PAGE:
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Understanding Heidegger on Technology

Therefore, he recommended that the tragedians submit their works to the rulers, for approval, without which they could not be performed. It is clear that tragedy, by nature exploratory, critical, independent, could not live under such a regimen.


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Aristotle defends the purgative power of tragedy and, in direct contradiction to Plato, makes moral ambiguity the essence of tragedy. The concept of catharsis provides Aristotle with his reconciliation with Plato, a means by which to satisfy the claims of both ethics and art. To establish the basis for a reconciliation between ethical and artistic demands, Aristotle insists that the principal element in the structure of tragedy is not character but plot.

Since the erring protagonist is always in at least partial opposition to the state, the importance of tragedy lies not in the character but in the enlightening event. For tragedy is an imitation not of men but of an action and of life, and life consists in action, and its end is a mode of action, not a quality.

The goal of tragedy is not suffering but the knowledge that issues from it, as the denouement issues from a plot. In Oedipus , for example, the messenger who brings Oedipus news of his real parentage, intending to allay his fears, brings about a sudden reversal of his fortune, from happiness to misery, by compelling him to recognize that his wife is also his mother. Later critics found justification for their own predilections in the authority of Greek drama and Aristotle.

And where Aristotle had discussed tragedy as a separate genre , superior to epic poetry , Horace discussed it as a genre with a separate style, again with considerations of decorum foremost. A theme for comedy may not be set forth in verses of tragedy; each style must keep to the place allotted it. Dante makes a further distinction:. Comedy…differs from tragedy in its subject matter, in this way, that tragedy in its beginning is admirable and quiet, in its ending or catastrophe fouled and horrible…. From this it is evident why the present work is called a comedy.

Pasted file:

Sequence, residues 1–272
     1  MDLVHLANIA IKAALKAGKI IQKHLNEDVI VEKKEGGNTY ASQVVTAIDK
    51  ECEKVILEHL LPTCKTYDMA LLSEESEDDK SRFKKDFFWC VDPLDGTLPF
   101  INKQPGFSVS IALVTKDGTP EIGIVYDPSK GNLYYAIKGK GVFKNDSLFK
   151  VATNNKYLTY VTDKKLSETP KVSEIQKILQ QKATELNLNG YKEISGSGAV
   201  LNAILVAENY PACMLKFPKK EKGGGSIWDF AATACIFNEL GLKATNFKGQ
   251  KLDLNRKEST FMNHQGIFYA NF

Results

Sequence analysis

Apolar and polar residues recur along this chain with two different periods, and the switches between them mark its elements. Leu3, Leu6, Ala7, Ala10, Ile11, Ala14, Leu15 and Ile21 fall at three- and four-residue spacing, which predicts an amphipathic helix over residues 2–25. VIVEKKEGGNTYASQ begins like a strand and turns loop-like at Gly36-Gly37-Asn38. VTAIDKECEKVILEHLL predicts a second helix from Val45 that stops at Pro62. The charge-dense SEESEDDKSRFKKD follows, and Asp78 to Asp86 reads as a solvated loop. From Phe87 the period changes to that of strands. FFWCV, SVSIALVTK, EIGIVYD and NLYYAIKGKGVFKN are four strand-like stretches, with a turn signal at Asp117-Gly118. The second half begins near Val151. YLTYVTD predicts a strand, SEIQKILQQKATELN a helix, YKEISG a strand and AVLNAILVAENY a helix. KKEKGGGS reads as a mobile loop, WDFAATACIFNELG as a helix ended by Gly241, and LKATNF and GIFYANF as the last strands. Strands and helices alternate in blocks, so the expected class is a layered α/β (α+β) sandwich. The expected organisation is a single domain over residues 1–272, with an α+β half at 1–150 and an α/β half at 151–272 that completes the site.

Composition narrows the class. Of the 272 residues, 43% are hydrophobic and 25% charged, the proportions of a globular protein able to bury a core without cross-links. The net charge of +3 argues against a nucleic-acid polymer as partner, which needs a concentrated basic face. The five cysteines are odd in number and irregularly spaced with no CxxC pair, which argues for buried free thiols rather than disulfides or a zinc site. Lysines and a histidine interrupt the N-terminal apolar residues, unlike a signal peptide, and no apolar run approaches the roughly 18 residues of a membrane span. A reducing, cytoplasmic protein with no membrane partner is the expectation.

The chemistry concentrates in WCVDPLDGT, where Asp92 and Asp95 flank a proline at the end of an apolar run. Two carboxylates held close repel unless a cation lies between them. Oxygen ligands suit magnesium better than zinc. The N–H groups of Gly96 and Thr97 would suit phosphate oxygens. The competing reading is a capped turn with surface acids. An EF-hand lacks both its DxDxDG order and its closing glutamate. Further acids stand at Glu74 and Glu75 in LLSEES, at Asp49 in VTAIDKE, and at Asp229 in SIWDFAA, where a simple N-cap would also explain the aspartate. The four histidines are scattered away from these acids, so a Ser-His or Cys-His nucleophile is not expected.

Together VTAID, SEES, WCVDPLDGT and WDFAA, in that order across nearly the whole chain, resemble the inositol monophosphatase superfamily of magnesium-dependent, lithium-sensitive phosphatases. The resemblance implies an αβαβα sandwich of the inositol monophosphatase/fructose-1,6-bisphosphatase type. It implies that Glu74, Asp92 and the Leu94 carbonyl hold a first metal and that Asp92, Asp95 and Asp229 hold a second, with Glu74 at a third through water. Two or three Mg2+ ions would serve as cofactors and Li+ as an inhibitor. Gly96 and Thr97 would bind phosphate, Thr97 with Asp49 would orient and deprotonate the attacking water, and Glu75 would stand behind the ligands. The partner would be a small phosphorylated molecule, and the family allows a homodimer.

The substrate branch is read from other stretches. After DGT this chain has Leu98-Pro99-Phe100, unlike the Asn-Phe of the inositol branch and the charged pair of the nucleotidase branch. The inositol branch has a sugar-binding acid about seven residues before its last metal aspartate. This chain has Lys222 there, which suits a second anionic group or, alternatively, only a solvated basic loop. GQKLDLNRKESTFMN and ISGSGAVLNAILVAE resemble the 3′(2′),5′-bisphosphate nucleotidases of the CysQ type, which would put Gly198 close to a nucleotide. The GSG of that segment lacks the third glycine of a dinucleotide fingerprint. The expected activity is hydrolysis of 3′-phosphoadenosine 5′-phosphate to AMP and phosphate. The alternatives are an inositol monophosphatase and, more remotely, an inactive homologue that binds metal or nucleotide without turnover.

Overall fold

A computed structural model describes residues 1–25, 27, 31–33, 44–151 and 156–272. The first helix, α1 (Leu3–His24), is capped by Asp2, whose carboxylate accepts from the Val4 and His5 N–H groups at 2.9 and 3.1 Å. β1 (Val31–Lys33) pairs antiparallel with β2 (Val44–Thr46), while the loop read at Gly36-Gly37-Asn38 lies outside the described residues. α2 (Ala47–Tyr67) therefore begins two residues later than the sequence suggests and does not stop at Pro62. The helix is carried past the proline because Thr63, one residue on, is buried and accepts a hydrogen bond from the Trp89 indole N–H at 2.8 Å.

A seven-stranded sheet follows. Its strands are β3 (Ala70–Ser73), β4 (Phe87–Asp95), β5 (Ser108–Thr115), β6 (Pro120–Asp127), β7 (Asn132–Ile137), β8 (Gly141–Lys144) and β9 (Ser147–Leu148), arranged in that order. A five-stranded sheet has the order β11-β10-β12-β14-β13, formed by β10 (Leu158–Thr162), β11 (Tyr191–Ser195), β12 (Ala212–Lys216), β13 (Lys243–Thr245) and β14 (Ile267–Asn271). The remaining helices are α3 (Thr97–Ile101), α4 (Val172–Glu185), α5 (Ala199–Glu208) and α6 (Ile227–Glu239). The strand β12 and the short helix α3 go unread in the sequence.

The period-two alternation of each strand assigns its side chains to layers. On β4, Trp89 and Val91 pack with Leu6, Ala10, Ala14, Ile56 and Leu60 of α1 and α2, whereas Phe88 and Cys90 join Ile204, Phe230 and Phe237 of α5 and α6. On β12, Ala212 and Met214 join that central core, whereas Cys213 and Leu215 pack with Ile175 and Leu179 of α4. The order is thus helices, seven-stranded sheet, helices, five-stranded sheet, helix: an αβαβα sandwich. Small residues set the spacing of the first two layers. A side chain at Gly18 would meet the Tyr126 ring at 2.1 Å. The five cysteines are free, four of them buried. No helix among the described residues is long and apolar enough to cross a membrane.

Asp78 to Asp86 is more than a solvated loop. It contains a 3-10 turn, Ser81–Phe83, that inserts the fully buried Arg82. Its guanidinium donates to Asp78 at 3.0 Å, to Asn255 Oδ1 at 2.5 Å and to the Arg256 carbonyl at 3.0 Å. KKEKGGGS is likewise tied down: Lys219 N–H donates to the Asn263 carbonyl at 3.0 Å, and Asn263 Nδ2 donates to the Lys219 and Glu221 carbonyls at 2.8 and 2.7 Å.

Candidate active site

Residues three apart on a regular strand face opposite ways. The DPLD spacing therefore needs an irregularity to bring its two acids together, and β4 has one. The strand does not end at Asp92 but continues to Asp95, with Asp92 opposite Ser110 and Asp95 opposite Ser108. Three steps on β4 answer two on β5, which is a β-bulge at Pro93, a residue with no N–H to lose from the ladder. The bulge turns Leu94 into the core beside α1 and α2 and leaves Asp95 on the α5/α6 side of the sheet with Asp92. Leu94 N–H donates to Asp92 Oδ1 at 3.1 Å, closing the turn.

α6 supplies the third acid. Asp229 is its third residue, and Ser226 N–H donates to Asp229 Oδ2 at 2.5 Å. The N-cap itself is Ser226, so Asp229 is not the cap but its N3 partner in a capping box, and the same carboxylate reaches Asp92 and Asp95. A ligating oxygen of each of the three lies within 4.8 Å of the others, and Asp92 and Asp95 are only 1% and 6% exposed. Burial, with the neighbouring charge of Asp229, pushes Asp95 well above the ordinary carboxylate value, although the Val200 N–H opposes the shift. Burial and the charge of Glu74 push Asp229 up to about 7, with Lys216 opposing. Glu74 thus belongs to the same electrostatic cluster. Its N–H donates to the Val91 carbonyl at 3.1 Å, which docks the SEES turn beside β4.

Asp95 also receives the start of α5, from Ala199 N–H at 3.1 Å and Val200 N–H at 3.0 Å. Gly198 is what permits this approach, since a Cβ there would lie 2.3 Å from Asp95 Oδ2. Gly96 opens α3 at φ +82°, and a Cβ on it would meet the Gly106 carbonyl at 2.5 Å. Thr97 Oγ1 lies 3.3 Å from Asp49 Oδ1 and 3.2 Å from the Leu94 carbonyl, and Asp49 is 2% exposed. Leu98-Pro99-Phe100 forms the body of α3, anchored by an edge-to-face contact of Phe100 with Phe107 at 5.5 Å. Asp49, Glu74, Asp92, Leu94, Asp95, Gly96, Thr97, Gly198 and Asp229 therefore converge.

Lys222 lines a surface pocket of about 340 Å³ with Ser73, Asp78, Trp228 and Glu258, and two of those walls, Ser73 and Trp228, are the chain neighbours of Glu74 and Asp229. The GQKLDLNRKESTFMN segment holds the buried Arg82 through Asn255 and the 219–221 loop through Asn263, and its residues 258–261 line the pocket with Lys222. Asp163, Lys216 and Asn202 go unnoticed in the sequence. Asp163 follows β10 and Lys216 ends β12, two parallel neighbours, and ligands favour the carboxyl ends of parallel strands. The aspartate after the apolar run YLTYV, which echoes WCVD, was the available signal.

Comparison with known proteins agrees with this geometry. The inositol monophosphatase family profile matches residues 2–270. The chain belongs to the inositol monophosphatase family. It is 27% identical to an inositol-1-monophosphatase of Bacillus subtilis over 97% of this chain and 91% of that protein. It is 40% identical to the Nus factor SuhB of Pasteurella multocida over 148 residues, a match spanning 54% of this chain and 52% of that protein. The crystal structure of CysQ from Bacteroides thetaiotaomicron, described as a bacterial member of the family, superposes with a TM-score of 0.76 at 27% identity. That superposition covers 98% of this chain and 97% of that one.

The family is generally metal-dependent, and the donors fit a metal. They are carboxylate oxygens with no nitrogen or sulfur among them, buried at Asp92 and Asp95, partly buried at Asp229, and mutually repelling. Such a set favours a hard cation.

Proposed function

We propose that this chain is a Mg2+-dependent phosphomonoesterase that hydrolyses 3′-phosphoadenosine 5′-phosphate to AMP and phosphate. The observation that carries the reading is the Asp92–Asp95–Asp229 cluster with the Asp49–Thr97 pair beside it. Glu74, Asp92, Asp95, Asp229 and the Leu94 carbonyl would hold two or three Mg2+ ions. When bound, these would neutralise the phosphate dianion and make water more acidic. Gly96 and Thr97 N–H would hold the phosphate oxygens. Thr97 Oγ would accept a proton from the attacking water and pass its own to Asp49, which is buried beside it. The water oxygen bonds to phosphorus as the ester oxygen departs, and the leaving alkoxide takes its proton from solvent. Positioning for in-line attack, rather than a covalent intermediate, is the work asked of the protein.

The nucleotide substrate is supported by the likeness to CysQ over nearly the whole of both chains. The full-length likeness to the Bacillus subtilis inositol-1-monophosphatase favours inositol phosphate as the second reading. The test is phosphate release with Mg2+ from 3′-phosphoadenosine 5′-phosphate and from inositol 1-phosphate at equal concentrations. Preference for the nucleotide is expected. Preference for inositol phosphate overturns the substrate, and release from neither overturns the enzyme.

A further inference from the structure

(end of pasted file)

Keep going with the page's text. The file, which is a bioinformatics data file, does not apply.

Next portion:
That we were seeing , in Derrida's Aristotle, is what truth is. True metaphors generate other true ways of speaking. This would naturally be the case, since the single external and singular referent, and at the same time the generator of all these figures and analogies, is the sun—which produces rays, light, heat, life, true life, and so forth. The sun-figure's generativity is crucial to the integrity or wholeness of meaning. It's crucial to the system of truth and trope being one, to the spreading out from the basic philosophemes, or metaphors, of all the analogies, and all the truth statements, that it will be possible to find or to make.

The Literary Criticism of Ibn Rushd

Theorisations on this order have their boundaries erased in advance. For the metaphor network, the concept of value, or the analogy theoretically deployed by any of these, drops into what Derrida calls "a wider discourse of figuration" Then far into the essay comes an odd moment. We seem to hear Derrida saying, "when has anyone ever seen the sun sowing? What Derrida has written is this: "Where has it ever been seen that there is the same relation between the sun and its rays as between sowing and seeds?

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Derrida's interrogative sentence doesn't just pose a rhetorical question. It mimes an incredulous query, a query which voices at the same time the presumption that somewhere, it might have been possible to see that the sun sows.